Here is a simple list of things to be careful about – and consider – when you start exercise in earnest:
- Don’t train too often: every workout day is not a rest day, and this trade-off is huge. 3 times a week (at roughly an hour a day) is plenty to get the ball moving and see big changes.
- Don’t rush the weight: it’s the most obvious form of loading and the most ‘sexy’. Take your time to progress through movement quality and ensure you’re not over-loading too soon.
- Keep it controlled: proper movement control is one way of reducing errant loading patterns and keeping it predictable. It’s also a way of building 3-dimensional control.
- Slow it down: dynamic movements introduce momentum and other new forces in a way you need to control. Don’t get into jumping before you learn to run – or Olympic lifting before you can effectively squat, front squat, overhead squat, and absorb force.
- Take a pause: work on the most important postural and technical positions with pauses and build familiarity early on. It makes things more difficult and improves your control over key positions. Strength is specific to the angle of joints and length of muscle, so build it properly.
- Be keen for recovery: prioritise recovery when you want to give more time to training. More training is not the same as better training – prioritise preparation and recovery before more sessions.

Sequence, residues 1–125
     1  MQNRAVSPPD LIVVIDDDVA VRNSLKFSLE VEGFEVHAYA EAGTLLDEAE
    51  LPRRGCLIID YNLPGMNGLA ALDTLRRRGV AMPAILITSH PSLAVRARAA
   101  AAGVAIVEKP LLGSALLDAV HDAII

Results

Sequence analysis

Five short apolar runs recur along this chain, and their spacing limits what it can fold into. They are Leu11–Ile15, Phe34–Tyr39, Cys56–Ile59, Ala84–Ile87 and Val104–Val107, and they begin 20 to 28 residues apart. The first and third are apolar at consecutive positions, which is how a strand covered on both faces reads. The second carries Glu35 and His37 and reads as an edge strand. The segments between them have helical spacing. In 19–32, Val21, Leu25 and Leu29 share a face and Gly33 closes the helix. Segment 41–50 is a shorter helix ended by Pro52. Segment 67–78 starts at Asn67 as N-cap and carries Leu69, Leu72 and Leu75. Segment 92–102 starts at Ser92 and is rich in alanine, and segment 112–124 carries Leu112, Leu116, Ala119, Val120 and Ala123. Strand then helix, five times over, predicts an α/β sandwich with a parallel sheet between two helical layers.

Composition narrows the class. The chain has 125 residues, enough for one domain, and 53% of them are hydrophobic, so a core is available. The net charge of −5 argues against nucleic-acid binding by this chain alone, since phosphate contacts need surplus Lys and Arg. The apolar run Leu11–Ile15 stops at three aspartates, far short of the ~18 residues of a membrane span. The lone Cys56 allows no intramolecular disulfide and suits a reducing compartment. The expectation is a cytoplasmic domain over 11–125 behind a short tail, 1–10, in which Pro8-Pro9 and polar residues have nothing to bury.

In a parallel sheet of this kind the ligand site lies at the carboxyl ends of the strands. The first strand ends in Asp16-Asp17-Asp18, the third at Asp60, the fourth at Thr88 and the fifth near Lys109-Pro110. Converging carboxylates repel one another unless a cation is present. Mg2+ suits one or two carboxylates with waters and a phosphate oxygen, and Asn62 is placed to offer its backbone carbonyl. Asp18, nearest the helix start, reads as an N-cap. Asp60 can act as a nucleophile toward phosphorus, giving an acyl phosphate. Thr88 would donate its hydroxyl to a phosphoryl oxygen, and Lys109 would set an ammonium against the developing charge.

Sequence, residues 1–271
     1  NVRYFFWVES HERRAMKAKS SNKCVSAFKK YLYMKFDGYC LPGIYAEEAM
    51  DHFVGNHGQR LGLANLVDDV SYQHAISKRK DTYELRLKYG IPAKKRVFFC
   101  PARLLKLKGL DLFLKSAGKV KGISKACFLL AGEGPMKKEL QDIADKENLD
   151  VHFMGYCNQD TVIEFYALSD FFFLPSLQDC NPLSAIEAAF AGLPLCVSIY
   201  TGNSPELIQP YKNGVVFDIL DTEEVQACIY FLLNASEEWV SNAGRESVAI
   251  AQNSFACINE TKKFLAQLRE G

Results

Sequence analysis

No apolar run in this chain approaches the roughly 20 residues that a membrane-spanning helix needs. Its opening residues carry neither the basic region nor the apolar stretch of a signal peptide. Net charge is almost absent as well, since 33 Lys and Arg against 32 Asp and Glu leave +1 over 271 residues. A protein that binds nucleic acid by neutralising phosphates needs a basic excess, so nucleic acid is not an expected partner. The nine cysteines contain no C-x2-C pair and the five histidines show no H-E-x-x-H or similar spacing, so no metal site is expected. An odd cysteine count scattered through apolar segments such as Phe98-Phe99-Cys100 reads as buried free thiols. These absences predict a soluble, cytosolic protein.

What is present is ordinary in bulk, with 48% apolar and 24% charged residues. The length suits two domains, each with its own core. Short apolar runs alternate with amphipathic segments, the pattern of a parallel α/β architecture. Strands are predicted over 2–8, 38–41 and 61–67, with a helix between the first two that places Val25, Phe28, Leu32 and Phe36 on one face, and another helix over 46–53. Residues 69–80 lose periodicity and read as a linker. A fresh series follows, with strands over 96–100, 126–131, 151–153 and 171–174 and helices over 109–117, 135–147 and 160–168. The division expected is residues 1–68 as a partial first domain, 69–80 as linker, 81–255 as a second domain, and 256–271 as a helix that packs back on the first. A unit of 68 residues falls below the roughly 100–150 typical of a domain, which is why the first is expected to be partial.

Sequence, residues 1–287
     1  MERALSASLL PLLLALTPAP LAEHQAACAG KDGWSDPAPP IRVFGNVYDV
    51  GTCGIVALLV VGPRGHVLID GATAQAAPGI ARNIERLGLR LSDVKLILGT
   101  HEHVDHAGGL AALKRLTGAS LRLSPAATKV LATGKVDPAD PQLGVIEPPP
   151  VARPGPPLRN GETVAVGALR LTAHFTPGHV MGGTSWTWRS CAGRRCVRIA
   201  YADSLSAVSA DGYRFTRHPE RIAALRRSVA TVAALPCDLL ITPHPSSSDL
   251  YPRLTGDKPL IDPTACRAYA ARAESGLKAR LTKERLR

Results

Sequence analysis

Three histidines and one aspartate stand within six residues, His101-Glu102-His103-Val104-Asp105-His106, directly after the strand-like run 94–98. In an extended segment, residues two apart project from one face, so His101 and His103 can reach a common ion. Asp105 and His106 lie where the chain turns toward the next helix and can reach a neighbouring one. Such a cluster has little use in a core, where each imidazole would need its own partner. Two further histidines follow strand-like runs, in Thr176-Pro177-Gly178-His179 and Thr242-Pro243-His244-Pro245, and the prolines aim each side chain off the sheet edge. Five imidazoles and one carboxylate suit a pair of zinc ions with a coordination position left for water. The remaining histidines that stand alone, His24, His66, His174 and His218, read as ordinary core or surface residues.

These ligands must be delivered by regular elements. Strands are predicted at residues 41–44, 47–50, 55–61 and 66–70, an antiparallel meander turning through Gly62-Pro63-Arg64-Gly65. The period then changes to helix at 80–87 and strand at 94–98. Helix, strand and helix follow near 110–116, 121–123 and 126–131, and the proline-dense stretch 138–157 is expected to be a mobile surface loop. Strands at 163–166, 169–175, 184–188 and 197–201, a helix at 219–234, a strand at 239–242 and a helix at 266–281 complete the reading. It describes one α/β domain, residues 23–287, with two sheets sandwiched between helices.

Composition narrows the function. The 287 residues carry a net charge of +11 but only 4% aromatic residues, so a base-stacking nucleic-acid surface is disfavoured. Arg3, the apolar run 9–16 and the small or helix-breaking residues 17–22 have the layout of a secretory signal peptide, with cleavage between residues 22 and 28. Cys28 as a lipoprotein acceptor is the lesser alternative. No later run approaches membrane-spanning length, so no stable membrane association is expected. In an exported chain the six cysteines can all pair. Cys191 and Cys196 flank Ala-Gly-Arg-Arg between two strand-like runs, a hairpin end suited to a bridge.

Preparing tissues for further demands
The preparation of tissues for future loading overlaps with appropriate loading. The first place to start is to understand that appropriate is always appropriate to your preparation. The most well-prepared athletes can do just about any exercise they want, because their body has years or decades of preparation time.
This kind of prep specifically means training to reduce injury-risk. It involves focusing on some of the areas that we know to cause injury, recovering effectively, and organising your lifestyle so that you’re less injury-prone in the long run.
The benefits to this only multiply session by session, as you either spiral upwards (towards preparation) or downwards (towards injury) when it comes to lifestyle habits.
Mobility isn’t just about flexibility: it’s not just what range of motion you’ve got on a joint or a sweet split position.
Mobility is about the range of motion that you can actively control – and how well you can do that. We want to build mobility because it reduces the ranges we can’t control and allows for more movement within healthy range.